Tag Archives: wonder

Celebrate with Christina Rossetti

Matterofprayer: A Year of Everyday Prayers – Friday, May 12, 2017

little lamb

Celebrate with Christina Rossetti

Richard Foster and Emilie Griffin have done a wonderful thing by giving us snapshots of all of these diverse believers from many different faith traditions, including Christina Rossetti. I have loved Christina Rossetti’s poems for decades, ever since I discovered them as a teenager. (The last verse of this particular hymn has been precious to me since then.) However, I never knew very much about her, other than the fact she was an invalid for much of her life.

Her father was an impressive man: a refugee from Italy, he became a professor of English at King’s College, London during the 1800’s. Their family was part of the artistic creativity of that time. Rossetti was a devout Anglican, and her poems reflect her deep beliefs.

This excerpt is a poem (also the words of a hymn, tune CRANHAM, written by Gustav Holst). It shows the deep, reverent feelings Rossetti has about the Nativity. I appreciate Foster and Griffin’s placement of this in the “Celebration” part of this anthology, since this poem is at once celebratory, wonder-full, and prayerful.

Yes, the setting of the first verse is striking and sets the scene of midwinter in England exactly. However, on this reading, I was struck by Rossetti’s prayerful wonder. True enough, “Angels and archangels /May have gathered there,/Cherubim and seraphim/Thronged the air/.” All of heaven’s glory must have stood in watch and wonder at the birth of God’s Son. But—but— “But only his mother/In her maiden bliss/Worshipped the Beloved/With a kiss.” [1]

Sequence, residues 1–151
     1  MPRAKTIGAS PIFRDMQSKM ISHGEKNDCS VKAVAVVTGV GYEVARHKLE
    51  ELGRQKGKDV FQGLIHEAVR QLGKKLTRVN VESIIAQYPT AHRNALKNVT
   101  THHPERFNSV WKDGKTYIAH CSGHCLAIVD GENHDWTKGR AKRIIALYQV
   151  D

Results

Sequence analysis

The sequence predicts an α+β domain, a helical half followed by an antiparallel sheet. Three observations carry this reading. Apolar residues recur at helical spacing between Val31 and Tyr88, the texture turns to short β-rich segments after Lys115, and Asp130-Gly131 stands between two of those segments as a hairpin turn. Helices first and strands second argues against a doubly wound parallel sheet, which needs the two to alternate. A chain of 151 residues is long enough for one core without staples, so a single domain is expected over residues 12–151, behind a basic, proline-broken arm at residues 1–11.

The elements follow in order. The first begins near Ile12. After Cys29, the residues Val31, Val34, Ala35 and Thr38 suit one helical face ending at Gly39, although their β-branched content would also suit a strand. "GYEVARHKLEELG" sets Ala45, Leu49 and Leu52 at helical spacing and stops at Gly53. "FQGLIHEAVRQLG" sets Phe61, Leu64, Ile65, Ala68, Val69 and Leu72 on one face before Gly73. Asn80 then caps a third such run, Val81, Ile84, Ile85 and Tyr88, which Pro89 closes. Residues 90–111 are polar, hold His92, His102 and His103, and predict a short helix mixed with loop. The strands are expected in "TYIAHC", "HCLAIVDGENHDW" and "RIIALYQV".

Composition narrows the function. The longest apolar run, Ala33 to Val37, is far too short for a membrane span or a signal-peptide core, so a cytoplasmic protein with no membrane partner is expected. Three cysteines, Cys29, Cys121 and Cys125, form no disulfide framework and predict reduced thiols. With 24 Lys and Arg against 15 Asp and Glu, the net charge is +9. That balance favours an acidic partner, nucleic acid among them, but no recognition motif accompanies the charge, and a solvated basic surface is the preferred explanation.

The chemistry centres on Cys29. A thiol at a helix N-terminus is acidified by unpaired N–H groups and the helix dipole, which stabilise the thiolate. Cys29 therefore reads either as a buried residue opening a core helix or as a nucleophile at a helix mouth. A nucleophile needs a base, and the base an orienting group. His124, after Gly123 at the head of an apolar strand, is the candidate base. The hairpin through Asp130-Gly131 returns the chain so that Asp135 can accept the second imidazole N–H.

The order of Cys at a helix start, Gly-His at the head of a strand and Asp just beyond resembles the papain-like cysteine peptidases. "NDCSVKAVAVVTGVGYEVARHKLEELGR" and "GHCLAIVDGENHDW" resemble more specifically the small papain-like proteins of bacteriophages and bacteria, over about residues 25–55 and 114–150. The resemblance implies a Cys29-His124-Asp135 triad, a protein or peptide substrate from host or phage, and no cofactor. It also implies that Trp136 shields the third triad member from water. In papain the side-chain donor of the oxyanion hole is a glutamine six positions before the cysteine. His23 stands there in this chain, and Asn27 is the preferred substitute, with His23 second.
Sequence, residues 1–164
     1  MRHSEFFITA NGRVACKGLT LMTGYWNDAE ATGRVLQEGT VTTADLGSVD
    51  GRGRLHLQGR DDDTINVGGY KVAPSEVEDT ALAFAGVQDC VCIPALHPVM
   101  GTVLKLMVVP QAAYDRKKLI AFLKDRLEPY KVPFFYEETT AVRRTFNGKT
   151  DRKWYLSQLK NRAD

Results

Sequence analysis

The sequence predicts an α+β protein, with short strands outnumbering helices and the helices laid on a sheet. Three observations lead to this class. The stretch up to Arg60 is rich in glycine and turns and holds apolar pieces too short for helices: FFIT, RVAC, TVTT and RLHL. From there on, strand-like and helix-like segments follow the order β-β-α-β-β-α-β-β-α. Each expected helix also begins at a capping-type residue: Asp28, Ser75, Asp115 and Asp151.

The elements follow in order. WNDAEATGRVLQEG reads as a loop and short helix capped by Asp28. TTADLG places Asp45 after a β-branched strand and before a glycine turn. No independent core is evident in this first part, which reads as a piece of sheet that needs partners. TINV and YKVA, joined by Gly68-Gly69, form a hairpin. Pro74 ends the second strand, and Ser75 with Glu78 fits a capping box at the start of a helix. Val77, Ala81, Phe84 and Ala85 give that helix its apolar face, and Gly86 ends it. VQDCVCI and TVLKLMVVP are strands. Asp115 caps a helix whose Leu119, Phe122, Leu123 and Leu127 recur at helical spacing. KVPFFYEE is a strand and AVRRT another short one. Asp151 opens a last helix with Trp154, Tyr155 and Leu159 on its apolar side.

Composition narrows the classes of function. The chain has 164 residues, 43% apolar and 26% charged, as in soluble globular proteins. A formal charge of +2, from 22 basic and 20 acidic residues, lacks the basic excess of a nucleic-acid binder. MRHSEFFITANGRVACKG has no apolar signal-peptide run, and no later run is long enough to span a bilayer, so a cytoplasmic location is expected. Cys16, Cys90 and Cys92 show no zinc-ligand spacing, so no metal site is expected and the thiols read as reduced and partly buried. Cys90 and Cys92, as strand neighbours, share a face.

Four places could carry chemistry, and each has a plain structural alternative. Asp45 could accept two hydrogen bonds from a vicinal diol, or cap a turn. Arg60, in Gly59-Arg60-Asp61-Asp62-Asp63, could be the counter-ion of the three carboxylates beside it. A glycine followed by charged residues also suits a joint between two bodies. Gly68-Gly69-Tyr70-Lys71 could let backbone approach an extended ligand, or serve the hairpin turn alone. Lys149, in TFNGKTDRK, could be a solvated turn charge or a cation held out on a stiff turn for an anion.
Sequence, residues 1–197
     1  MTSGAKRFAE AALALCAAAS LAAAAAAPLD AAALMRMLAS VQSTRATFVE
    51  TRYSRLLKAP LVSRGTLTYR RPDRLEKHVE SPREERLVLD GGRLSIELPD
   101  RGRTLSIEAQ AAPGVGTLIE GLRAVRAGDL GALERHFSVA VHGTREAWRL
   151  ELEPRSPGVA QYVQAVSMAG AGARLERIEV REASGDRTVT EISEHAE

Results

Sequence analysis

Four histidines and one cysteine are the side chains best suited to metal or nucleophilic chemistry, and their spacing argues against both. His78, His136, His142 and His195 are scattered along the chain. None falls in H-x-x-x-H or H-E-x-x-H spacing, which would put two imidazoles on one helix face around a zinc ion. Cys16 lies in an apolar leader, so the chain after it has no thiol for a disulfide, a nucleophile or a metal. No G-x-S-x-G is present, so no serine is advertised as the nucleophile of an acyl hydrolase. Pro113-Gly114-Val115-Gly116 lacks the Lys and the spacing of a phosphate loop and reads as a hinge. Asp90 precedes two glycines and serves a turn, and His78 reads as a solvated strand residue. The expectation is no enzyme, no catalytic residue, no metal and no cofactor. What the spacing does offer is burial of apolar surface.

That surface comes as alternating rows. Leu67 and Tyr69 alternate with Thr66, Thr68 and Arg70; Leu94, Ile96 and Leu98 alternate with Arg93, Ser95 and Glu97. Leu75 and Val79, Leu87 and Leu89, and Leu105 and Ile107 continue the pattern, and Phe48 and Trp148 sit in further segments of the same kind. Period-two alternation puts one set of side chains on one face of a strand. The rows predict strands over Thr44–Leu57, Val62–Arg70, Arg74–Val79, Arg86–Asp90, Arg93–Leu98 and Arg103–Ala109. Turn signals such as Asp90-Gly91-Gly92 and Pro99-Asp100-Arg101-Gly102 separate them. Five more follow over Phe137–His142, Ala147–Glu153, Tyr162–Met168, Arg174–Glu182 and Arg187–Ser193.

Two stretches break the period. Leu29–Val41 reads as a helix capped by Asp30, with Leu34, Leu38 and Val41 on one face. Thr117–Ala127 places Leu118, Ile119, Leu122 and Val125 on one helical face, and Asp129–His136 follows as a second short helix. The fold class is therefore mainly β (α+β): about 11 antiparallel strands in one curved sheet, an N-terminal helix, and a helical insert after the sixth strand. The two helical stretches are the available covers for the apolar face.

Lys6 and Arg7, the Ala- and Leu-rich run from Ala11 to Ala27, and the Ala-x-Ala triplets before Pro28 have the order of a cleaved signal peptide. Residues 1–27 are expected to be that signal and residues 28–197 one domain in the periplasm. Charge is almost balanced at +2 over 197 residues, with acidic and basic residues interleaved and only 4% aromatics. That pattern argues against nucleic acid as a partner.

Indeed, what wonder.

And, the last verse of this hymn always brings me to tears. “What can I bring him, poor as I am?/ If I were a shepherd I would bring a lamb,/If I were a wise man I would do my part—/Yet what can I give him, Give my heart.” [2]

Dear Lord, sweet Jesus, these words come from deep inside of me, and deep inside of many. Hear us, dear Lord. In Your sweet, loving name we pray, amen.



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[1] Spiritual Classics, edited by Richard J. Foster and Emilie Griffin. (San Francisco, California: HarperSanFrancisco, 2000), 310.

[2] Ibid.

God-Moments with the Soul

Matterofprayer: A Year of Everyday Prayers – Friday, June 5, 2015

Praise God from whom all blessings flow

God-Moments with the Soul

The writer of today’s chapter, Marion Woodman, is an analyst. Her focus is on the individual moments that go into a soul-filled day. God-moments.

Actually, “God-moments” is a word I’ve just coined. That is, unless someone else thought of it first. I am only five chapters into this book, Handbook for the Soul.

Woodman speaks for herself. “We all experience ‘soul moments” in life. . . . During those moments, our body, as well as our brain, resonates as we experience the glory of being a human being.” [1] The word picture she paints of the glory and wonder of it? As the young people today might say, awesome.

Soul is important to Woodman, for without soul there cannot be a bridge between “spirit” and “body.” That is her way of arranging it. God (or Higher Power, or Eternal Source) remains intimately involved in her life.